Traces of that curiosity are scattered throughout Durantt’s varied history with the arts. Coming from a family that includes a jazz drummer and a Beat poet, Durantt grew up in New York City surrounded by music, art, and “the natural practice of observation, critical thinking, and inspiration,” as she put it. She dabbled around the theatre field, trying her hand as a pit musician (which she credits for her interest in musicals), as well as taking opportunities to try stage management and design. She eventually attended Ithaca College, where she received her BFA in theatrical production, and then studied stage design at NYU Tisch’s Design for Stage and Film MFA Program.
The more Durantt studied, the more she found herself drawn to learn even more aspects of the theatre world, including arts management and producing. She fed her curiosity with the ins and outs of budgets, contracts, the whys and hows of theatre spending, and how that spending reflects a company’s values. While at NYU, Durantt also studied innovation and entrepreneurship, an experience Durantt said blew her mind. Perhaps this was a hint at how her career would take her creative and business skills far beyond the theatre world before finally bringing her back home.
“It’s the same muscle, to be honest,” said Durantt. “It’s all curiosity and wanting to serve something bigger than myself.”
Durantt’s career has seen her become the founding partner and producing executive director of PARA.MAR Dance Theatre, a member of the producing team for Hubbard Street Dance Chicago, and a brand and communication strategist for Chicago companies like 2nd Story, CURE Epilepsy, BPI Chicago, as well as Northwestern’s theatre MFA program. It’s a career that also saw her work on campaigns for Teen Vogue, West Elm, Nike, and Pepsi.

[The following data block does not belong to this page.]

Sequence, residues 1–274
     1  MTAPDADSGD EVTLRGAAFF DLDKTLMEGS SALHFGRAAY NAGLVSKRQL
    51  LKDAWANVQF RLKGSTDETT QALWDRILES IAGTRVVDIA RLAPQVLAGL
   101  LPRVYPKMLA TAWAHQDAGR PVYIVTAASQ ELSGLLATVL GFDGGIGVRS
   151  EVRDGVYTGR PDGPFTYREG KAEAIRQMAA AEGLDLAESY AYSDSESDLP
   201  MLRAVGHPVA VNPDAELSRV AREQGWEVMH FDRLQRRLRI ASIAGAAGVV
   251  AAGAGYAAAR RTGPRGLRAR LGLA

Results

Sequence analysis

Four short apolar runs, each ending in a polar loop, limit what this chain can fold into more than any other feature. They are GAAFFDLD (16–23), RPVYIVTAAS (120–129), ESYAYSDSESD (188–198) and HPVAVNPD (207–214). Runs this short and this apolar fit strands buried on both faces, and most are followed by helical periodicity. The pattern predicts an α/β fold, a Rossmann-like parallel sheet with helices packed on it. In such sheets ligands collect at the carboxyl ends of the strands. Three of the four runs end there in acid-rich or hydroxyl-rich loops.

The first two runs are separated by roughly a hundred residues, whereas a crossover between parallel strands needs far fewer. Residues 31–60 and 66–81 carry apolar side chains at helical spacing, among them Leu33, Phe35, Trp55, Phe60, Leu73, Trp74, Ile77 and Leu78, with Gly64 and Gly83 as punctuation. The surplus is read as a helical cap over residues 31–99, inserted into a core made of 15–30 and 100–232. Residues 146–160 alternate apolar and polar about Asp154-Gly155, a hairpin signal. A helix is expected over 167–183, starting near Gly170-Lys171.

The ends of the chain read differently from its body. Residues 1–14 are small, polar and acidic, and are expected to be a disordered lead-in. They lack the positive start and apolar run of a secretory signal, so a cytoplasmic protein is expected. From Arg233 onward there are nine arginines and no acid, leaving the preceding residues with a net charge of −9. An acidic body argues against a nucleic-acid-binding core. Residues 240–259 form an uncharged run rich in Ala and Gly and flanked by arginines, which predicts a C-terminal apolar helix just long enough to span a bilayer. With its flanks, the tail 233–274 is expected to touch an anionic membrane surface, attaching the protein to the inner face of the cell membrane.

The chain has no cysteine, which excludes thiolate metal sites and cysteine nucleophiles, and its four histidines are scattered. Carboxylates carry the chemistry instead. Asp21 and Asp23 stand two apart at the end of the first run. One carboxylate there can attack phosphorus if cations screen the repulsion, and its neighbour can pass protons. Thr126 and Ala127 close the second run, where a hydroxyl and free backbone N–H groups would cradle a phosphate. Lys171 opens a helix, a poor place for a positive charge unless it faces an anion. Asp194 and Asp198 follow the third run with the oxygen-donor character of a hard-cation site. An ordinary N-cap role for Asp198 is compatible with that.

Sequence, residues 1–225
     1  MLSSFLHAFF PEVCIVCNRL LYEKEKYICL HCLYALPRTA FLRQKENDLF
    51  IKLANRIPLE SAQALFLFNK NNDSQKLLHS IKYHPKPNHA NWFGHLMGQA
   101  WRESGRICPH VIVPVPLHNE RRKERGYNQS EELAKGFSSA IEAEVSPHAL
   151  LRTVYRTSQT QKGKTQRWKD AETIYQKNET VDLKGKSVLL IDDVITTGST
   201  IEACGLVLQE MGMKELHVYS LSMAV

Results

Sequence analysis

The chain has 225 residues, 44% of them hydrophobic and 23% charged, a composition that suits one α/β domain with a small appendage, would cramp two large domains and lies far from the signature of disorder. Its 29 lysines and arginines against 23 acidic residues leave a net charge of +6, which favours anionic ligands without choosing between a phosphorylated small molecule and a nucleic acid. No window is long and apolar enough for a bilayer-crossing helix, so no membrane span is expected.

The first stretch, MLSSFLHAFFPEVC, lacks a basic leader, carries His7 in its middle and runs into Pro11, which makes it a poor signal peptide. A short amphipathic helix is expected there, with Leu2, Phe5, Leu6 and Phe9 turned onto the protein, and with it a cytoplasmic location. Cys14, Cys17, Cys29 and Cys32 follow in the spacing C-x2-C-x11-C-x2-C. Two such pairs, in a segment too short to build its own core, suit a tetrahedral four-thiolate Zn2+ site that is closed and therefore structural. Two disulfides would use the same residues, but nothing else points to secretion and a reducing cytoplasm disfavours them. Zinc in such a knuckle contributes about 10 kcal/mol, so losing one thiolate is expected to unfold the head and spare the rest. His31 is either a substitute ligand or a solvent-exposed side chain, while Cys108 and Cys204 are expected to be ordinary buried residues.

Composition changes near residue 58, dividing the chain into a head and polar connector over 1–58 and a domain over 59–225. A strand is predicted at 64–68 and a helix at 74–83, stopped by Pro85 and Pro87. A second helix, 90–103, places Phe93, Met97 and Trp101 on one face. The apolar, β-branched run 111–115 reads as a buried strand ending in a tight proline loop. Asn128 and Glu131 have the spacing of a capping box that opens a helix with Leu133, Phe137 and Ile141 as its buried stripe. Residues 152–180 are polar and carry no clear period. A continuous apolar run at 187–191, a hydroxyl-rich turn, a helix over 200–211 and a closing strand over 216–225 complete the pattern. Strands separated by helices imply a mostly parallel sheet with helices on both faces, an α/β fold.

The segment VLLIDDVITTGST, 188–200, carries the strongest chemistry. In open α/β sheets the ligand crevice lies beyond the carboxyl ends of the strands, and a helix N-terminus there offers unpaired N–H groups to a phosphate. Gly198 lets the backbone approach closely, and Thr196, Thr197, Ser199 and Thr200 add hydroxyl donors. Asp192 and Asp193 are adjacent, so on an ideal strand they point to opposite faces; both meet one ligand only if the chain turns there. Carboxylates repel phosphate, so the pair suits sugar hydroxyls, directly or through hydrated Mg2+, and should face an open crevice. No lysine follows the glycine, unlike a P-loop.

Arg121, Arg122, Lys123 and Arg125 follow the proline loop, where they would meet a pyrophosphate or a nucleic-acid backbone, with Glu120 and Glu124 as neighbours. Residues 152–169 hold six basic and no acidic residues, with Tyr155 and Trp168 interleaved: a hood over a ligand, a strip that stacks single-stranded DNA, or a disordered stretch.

“I’ve always been curious about what other industries are doing that the arts can glean,” said Durantt, who also worked with Steppenwolf during its most recent leadership transition and campus expansion. “How can we start talking to each other? Everyone’s so siloed. How can we all have the same conversations, breathe the same air, and connect?”
As she joins Raven’s leadership team alongside artistic director Sarah Slight, Durantt said she wants to be in a place where she can most benefit the growth and success of an organization. In a conversation earlier this month, Durantt talked about joining her neighborhood theatre company, what can be transferred from her experiences in other industries, and what challenges still await her theatre as it prepares for its next chapter of growth. This follows a chapter of recovery: The theatre’s 2021 budget was around $404,000, and last year’s was around $789,000, which is at last closer to its pre-pandemic budget levels. The following conversation has been edited for length and clarity.
JERALD RAYMOND PIERCE: What made joining Raven feel like the right next step for you?
ADRIANNA DESIER DURANTT: I live three blocks away from the Raven, which is amazing. My husband’s a set designer. He teaches at Northwestern. We moved here almost 10 years ago, have only been blocks from the Raven, and have had such curiosity about it. It is such a strong presence in the neighborhood. We’re pretty far north, and they’ve compelled some really amazing directors and new writers to come really far north. I’m like, Well, what’s going on over there? That’s really interesting.